Although I haven't been tempted by J. Crew's
J. Crew achieved profitability in the fourth quarter, reporting net income of $44 million, or $0.71 per share, compared with its net loss of $5.9 million, or $0.37 per share, last year this time. Bear in mind, though, that J. Crew's net income included a $10.6 million benefit from taxes.
Revenues increased 27% to $366.7 million, with same-store sales in the quarter increasing by 7%, compared with an 8% increase last year.
Not only is J. Crew increasing its store count, it has interesting ancillary initiatives as well. These include Crew Cuts, its concept for children, which it's launching as both stand-alone and "shop in shop" stores within existing J. Crew locations. Furthermore, the company launched Madewell in August, which Chairman and CEO Mickey Drexler described as "a collection of real, honest women's clothes that speak for themselves. Not too trendy. Not too girlie. Just cool, everyday clothes."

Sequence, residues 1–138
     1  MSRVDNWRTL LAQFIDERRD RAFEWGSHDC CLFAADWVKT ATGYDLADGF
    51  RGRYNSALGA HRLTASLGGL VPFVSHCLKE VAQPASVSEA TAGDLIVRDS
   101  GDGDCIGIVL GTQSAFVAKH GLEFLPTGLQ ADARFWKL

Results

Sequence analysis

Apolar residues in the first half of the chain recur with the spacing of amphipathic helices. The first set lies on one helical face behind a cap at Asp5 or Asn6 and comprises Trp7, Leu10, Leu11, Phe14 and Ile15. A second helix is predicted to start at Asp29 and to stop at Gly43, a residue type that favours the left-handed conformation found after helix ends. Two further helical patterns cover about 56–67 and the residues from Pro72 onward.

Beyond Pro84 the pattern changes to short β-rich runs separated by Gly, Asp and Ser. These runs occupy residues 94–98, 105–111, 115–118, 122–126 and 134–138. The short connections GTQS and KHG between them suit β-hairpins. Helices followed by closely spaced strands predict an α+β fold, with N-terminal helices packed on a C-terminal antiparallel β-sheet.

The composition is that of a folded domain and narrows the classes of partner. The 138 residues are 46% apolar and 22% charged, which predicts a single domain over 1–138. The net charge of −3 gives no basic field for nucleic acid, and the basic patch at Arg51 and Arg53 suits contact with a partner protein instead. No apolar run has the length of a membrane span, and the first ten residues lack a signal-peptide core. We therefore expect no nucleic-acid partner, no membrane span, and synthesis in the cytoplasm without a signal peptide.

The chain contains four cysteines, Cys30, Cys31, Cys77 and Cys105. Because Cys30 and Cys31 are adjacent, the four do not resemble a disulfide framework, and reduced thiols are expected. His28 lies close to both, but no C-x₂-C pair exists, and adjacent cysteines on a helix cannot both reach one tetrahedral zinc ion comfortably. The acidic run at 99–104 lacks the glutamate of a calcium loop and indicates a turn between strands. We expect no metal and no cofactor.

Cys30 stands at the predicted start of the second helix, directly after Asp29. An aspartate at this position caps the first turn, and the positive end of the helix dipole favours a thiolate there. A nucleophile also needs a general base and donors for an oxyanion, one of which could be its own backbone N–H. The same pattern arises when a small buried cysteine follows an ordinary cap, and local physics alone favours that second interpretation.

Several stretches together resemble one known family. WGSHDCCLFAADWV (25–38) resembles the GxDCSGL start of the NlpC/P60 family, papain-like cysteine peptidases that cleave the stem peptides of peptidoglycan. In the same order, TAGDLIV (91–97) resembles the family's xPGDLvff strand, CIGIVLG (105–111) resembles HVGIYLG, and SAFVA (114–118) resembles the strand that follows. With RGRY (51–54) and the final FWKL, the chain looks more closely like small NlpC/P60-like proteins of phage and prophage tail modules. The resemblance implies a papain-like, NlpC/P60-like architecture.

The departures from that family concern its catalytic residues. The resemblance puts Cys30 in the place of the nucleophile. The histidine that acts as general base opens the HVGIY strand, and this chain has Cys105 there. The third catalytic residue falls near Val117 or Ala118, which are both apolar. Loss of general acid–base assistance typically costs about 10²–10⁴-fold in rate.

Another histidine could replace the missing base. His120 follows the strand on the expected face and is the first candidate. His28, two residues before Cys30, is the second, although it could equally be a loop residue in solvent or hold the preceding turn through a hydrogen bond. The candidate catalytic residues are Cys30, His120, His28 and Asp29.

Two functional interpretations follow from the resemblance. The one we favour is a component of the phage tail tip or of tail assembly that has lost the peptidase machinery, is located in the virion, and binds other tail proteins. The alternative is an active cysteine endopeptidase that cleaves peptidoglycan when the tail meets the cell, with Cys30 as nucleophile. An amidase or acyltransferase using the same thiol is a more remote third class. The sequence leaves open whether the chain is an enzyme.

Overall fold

J. Crew's balance sheet looks much better, too. Its cash stockpile rose 45% to $88.9 million, while it reduced its debt burden by 68% to $200 million.
Still, while J. Crew's financials are improving, I'm still hesitant. J. Crew shares have just about doubled since its IPO in June of last year, and its forward P/E of 30 sounds high for a company that expects to increase earnings by 20% per year. Furthermore, I've never been convinced it has a clear-cut competitive advantage, although it has a very solid brand. There are plenty of retailers that sell preppie fashions, like American Eagle Outfitters
There's a lesson here, too. J. Crew often brings Gap
Here's more Foolish commentary on J. Crew:
- Jeremy MacNealy took a look at J. Crew's third-quarter conference call.
- One Fool decided J. Crew was overvalued last November.
Alyce Lomax does not own shares of any of the companies mentioned.